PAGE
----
IAAF president: Sebastian Coe.

IOC backs decision to ban Russian athletes from Olympic games in Rio

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The International Olympic Committee has unanimously backed the International Association of Athletics Federations' decision to ban Russian track and field athletes from this summers' Olympic Games in Rio de Janiero, while some individual athletes could be allowed compete, providing they pass doping tests.

IOC president Thomas Bach announced that the body has agreed with the IAAF's decision to ban Russian athlete's from competing at the showpiece sports event. However, the IOC are prepared to permit individual athletes to compete at the games, providing they pass strict tests to prove they have not engaged in doping.

It has come as a relief to some of the country's top athletes, who had thought that their hopes of competing in Rio this summer were over - now knowing that they stand a chance of representing their country, under the Russian flag.


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The IAAF found a "deep-rooted culture of doping" in Russia; making it hard for the governing body to trust that the nation's athletes would be clean and provide fair competition to fellow athletes from other nations. 

Fourteen of the 31 athletes found guilty of doping at the 2004 Olympic Games in Beijing were found to be Russian - with a majority of those athletes competing in track and field events - but the IAAF will have the final say on what - if any - Russian athletes can compete at this summer's games.

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It is a major coup for the doping-free Russian athletes who have dreamed of competing at the Olympics this summer, after the IAAF had originally suggested that the ban ruled out all Russian participation, unless they competed under a neutral flag.

However, Bach rebuffed any such possibility, insisting that Russia's Olympic Committee are the only body to be able to enter athletes for the Olympic Games, and was quick to point out that only the country's track and field federation are suspended.

“If there are athletes qualified, then they will compete as members of the team of the Russian Olympic Committee because only the national Olympic committee can enter athletes for the Olympic Games,” Bach told ABC News.


110-meter hurdles world champion, Sergey Shubenkov, admitted he was relieved by the announcement, saying: “This decision I can say, with 100 percent, it gives me optimism. A strong charge of optimism,” 

Meanwhile, Russian long jumper Daria Krishna insists she was confident that, what she felt was, the right decision, would be made.


“They made a decision in the morning, and now some athletes can go to Rio. I was 100 percent sure that they would make a positive decision for us,” said Krishna.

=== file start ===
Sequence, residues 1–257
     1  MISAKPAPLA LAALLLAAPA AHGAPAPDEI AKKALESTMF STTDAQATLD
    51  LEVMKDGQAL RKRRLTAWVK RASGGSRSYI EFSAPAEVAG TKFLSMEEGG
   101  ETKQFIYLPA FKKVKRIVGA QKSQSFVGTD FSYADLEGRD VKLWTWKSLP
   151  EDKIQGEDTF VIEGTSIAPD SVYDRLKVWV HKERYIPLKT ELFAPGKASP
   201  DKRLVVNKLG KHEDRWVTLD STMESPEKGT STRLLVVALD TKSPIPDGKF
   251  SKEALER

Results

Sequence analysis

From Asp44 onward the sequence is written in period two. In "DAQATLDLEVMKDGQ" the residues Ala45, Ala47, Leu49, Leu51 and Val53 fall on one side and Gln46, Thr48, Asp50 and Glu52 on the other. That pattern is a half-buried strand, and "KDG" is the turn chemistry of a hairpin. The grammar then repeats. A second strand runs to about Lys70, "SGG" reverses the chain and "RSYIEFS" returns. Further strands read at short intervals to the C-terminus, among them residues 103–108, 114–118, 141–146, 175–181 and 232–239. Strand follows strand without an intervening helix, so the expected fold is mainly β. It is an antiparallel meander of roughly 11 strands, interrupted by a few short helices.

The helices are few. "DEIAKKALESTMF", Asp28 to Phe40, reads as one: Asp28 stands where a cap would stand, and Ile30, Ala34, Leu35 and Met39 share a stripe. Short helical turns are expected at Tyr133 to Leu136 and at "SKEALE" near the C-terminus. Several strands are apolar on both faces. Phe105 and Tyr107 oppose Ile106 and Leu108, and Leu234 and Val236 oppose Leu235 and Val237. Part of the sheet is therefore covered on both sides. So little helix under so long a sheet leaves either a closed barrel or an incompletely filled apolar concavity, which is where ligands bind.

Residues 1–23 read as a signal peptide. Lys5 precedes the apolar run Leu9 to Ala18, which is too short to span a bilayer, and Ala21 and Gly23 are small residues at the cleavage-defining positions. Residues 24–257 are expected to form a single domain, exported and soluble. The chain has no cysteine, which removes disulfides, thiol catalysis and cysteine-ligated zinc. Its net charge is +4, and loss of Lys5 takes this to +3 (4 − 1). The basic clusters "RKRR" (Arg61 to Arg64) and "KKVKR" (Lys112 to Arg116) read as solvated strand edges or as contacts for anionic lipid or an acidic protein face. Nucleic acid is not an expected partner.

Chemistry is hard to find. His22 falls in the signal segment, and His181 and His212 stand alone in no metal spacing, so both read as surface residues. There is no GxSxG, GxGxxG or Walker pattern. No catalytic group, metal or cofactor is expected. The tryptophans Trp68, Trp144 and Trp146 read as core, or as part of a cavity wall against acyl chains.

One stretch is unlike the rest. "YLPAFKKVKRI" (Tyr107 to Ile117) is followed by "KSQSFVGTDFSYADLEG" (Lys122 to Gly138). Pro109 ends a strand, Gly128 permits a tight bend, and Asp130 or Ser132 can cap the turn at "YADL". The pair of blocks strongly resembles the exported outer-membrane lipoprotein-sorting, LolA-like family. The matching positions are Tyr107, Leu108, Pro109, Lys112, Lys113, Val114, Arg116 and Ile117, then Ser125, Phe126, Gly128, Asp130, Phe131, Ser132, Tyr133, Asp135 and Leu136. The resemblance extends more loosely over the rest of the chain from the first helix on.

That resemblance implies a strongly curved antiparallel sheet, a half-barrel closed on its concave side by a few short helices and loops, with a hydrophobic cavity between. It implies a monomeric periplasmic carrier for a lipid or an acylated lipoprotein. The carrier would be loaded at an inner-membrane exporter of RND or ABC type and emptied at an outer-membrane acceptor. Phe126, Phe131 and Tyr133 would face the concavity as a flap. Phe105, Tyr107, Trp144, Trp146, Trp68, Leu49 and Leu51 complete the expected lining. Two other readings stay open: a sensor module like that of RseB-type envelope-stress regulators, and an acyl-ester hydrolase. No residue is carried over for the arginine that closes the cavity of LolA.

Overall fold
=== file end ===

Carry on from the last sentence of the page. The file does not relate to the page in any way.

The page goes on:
But while the country's athletes are happy with the outcome, Russian officials have offered a more cautious reaction, as they are still unsure about how the country's athletes will qualify for Rio this summer, and have already threatened to take the IAAF to court, for what they believed was an unfair ruling.


A case-by-case decision will decide how many Russian athletes are still able compete at the games, despite the country's current doping crisis, while the head of Russia's track and field federation, Mikhail Butov, has appealed to the IOC for information on how their athlete's can qualify.

One IAAF official has admitted that he can't see more than a handful of Russian athletes passing the tests, with those hoping to compete this summer having to provide clean tests completed outside of Russia.

IAAF Council Meeting

Rune Andersen, an investigator for IAAF, said: "There won’t be many athletes who manage to get through this crack in the door,”


The IOC's announcement has lifted the mood for Russian athletes, who had resigned themselves to not competing at the Olympics this summer, however, despite the governing body backing the IAAF's calls for a ban on the nation, they have now become hopeful they can compete, providing they can prove they are clean.

“Yesterday there were a lot more gloomy faces," Krishna admitted. "Today everyone is walking around with smiles.”

It is understood that a fair number of Russia's athletes are confident they can meet the conditions that will allow them to take to the stage in Rio this summer, while Russia's sports ministry released a statement saying it was "looking forward" to working with the body, “to determine how to access eligibility” to compete at the Olympics.

However, Russia's Olympic Committee and Athletics Federation are refusing to rule out a lawsuit, challenging the IAAF's ban.

Should Russia be allowed to compete at this summer's Olympic Games in Rio de Janeiro? Have your say in the comment box below.

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